How regional powers are preparing for the Taliban regime
Analysis: As the Taliban move towards establishing a governance framework in Afghanistan, regional powers will watch with concern.
On August 15, the Taliban took control of Kabul. Afghan President Ashraf Ghani fled to the United Arab Emirates (UAE) and the Islamic Emirate of Afghanistan was restored almost two decades after his overthrow in November 2001.
Although no country has recognized the Islamic Emirate as the legitimate government of Afghanistan, the Taliban’s triumph has polarized the international community.
The United States, Britain and the European Union (EU) have refused to recognize the legitimacy of the Taliban. Countries in Afghanistan’s regional neighborhood, such as China, Russia, Iran and Pakistan, have left the door open to engagement with a Taliban regime.
India, on the other hand, has adopted an ambiguous policy of political change in Afghanistan, which contrasts subtly with its decades-long policy of viewing the Taliban as a totally illegitimate supporter of terrorism.
“The future of the Taliban’s interactions with its regional districts will ultimately depend on its conduct”
China has been particularly explicit about the flexibility of its Afghan policy. Chinese Foreign Ministry spokeswoman Hua Chunying vowed to deepen “friendly and cooperative” relations with the Taliban after their triumph in Kabul.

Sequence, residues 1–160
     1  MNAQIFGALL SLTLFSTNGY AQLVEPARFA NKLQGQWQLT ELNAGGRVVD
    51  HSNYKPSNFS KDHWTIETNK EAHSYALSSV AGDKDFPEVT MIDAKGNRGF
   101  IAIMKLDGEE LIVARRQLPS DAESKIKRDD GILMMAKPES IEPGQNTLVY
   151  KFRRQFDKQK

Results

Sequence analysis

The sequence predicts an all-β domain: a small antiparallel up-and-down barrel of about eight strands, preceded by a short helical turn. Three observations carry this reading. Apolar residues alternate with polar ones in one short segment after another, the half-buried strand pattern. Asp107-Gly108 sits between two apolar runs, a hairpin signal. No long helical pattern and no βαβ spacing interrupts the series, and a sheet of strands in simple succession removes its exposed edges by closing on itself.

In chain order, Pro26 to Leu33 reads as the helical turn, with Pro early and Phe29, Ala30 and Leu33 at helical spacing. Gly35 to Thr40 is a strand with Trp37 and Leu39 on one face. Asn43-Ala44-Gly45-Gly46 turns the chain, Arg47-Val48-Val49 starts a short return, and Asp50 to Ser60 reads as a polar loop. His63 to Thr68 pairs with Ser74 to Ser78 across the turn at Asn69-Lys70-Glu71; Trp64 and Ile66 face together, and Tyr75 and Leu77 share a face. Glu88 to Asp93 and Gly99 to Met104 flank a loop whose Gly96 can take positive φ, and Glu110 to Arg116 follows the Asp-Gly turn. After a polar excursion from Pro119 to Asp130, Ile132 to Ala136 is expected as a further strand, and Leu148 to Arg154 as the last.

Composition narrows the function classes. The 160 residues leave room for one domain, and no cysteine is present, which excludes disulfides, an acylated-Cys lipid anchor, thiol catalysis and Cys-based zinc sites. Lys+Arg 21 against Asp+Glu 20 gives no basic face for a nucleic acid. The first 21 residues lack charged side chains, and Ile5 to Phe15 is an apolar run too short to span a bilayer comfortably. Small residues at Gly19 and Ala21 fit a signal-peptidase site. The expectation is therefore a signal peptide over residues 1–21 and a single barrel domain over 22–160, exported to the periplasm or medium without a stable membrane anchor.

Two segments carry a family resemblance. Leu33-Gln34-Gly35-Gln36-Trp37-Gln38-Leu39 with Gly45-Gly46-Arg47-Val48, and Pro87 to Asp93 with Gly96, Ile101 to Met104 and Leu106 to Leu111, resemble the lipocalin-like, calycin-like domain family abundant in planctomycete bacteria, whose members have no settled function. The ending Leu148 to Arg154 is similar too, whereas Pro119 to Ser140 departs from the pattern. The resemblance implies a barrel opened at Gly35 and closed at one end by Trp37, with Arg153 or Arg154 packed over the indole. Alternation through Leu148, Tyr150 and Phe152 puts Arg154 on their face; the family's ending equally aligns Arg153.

While the Chinese media has promoted anti-American rhetoric to accompany this position, Beijing’s adherence to the Taliban is not primarily driven by anti-Westernism.
US Secretary of State Anthony Blinken’s claims that China’s role in Afghanistan could be positive, and UK Foreign Secretary Dominic Raab’s claims that China and Russia could moderate the Taliban underscore this point. Instead, China’s involvement in Afghanistan is driven by national security and geostrategic imperatives.
From a national security standpoint, China wants to ensure that the Taliban do not collaborate with the East Turkestan Islamic Movement or promote extremism in Xinjiang. From a strategic point of view, two factors stand out.
First, China believes that cultivating positive relations with the Taliban will allow the Belt and Road Initiative (BRI) to enter Afghanistan and guard against Taliban-sponsored attacks on the China Economic Corridor. Pakistan (CPEC).
To achieve this goal, China regularly engages with the Taliban, and Chinese Foreign Minister Wang Yi described the Taliban as a “decisive military and political force” during a meeting with Mullah Baradar last month in Tianjin.
Second, China is keen to enter the Afghan mining sector and sees cordial relations with the Taliban as the easiest route to preferential contracts. Taliban spokesman Zabihullah Mujahid refused to rule out giving China priority access to lucrative Afghan investments, saying “these issues will be discussed later, so it is too early to tell.”
“China has been particularly explicit about the flexibility of its Afghan policy”